Davin Kubota is a professor at Kapi’olani Community College who respects students who are persisting with their education despite the stress of the pandemic. (Photo courtesy of Davin Kubota)
By Shawna Takaki | Staff Writer
The Covid-19 pandemic changed everything, whether it be grocery shopping, working, or hanging out with friends. But particularly it changed education.
With more online classes than those on-campus and strict Covid-19 restrictions for any events or social gatherings, the traditional “campus life” has been broken into pieces and only slightly glued back together with zoom classes and socially distanced gatherings.
Professor Davin Kubota, who teaches ENG100 and ENG272 “Myths, Dreams, Symbols,” is saddened by the changes that have occurred over the last two years since the start of the Covid-19 pandemic, and he believes there’s a great loss in many aspects of college life due to the pandemic.
“I think sometimes every student on this planet experiencing this … they deserve a good hard cry,” Kubota said.
One of these losses due to the pandemic is in the education students receive.
The content taught in courses has been reduced due to the new format of teaching. For the vast majority of teachers, if there were originally two 75-minute sessions in their course, due to the pandemic, the content is shortened to one 75-minute session.
Many in-class activities are also unavailable to students and learning is harder for certain types of learners due to it.
“If you think about, like, the vast majority of students … [they] tend to be more visual and tactile, experiential learning,” Kubota said.
But perhaps the biggest blow in students’ campus experience is to their social lives.
“I need to really admit that the social aspect, which I took for granted when I went to school is … probably the most important thing that you guys are gonna get out of college,” Kubota said. “Several decades from now you might not remember what course content you had, but you’ll remember what kind of friends you made in your college years.”
The changes make attending college harder than ever for some people.
“I respect students who are going to school during a pandemic because I’m not sure as a teacher if I would even do well during a pandemic or even if I would want to,” Kubota said.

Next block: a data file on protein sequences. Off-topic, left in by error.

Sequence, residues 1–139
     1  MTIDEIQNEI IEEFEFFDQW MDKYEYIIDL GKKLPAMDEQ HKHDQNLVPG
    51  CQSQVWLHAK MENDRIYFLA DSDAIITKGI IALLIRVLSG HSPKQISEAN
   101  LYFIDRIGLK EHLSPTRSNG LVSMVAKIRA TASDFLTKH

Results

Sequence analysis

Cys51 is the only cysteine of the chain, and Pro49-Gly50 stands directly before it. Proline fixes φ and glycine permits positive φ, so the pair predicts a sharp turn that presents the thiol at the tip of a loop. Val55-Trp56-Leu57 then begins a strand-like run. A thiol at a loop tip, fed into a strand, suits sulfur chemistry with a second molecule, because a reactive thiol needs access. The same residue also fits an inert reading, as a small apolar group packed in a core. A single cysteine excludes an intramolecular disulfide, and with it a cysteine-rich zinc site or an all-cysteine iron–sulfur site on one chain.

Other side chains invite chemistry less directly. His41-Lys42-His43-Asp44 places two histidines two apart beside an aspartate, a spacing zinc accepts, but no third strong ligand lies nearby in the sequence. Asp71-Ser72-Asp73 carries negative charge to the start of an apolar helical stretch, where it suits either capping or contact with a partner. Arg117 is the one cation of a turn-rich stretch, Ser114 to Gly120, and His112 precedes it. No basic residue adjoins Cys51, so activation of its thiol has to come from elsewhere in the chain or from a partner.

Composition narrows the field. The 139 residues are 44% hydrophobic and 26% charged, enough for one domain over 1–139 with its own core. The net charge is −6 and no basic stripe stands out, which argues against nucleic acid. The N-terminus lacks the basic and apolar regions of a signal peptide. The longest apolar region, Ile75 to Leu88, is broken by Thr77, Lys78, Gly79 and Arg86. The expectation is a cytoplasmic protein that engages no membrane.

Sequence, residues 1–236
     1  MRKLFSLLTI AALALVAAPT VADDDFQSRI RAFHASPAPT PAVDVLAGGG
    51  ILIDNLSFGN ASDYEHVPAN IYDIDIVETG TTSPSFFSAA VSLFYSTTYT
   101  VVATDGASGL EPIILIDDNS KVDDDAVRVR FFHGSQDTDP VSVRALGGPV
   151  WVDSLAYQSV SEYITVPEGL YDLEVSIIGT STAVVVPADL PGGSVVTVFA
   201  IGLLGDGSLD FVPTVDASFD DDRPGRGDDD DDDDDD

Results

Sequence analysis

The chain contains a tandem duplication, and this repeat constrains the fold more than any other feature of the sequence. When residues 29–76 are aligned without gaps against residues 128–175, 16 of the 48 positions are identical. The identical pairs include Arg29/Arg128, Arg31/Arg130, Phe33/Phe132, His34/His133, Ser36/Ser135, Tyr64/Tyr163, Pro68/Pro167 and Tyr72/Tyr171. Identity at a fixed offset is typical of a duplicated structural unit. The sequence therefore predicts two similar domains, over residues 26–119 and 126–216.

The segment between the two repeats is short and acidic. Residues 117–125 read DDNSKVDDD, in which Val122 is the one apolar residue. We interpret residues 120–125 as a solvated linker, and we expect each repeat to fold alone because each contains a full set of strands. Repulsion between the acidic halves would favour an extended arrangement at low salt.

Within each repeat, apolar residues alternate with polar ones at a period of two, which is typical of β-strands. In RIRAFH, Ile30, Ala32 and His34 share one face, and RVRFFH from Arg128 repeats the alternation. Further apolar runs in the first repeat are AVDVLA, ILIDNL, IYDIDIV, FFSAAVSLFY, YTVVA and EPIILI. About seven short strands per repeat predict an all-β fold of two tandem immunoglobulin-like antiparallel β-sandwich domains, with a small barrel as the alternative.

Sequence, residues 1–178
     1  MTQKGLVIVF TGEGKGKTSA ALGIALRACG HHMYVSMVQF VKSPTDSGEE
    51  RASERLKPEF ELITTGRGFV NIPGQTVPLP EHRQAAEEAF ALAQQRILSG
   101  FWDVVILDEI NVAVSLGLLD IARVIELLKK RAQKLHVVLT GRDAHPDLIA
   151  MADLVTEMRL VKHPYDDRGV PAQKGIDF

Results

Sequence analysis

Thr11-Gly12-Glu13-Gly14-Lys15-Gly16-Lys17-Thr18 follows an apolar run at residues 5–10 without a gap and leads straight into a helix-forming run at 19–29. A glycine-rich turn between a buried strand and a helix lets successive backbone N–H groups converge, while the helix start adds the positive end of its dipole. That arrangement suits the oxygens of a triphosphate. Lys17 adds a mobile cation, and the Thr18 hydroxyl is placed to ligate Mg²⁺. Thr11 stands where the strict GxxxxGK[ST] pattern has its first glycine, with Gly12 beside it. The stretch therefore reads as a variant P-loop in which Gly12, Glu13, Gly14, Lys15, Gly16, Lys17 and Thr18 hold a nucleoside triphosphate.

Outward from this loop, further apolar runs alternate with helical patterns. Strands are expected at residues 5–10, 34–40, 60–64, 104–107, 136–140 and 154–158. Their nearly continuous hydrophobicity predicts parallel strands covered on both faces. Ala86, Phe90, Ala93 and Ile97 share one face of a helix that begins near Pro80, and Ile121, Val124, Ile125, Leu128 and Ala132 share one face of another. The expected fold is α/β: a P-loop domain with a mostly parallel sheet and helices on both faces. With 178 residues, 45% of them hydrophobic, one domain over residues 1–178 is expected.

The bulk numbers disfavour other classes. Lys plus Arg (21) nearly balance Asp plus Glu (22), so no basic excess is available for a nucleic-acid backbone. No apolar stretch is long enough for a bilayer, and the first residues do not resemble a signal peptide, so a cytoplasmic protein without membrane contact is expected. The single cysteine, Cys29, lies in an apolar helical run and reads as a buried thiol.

And all of these changes were incredibly shocking when they first came. In March 2020, there was an academic conference on campus, back when there were only around 11 cases a day on the island and many people were still not knowledgeable about needing to wear masks.
“Most people were very complacent, like, ‘we’re not gonna get that.’ Then things just kinda exploded,” Kubota said. “…Now that we’re sort of in year three, I’m not sure what to say except I’m doing my best, just like everyone else on the planet.”
The pandemic is difficult for everyone and the ripples of the pandemic reach everywhere. There are many added stressors in a person’s life, whether those be financial, medical, or mental.
“Teachers and students need to reflexively realize that everyone is dealing with their own story that no one other than the person can see, so we have to be gentle to each other,” Kubota said. “I’ve had to let go of my ego sometimes. Because a lot of content is in fact on videos, sometimes I feel a lot of students feel like, ‘oh, why should I attend, since the video is right there.’ I began to realize … some students are busier more than without the pandemic.”
And as closing advice for all students attending college during the pandemic, Professor Kubota said this:
“If someone invites you to a social event that is socially distanced and safe — you should probably question if its like safe or not — but I think in general if it’s a small group of friends, and everyone’s been vaccinated or whatever, don’t, don’t pass up that opportunity to make memories with people, because the pandemic is really teaching us that you might not have time to make memories with those people.”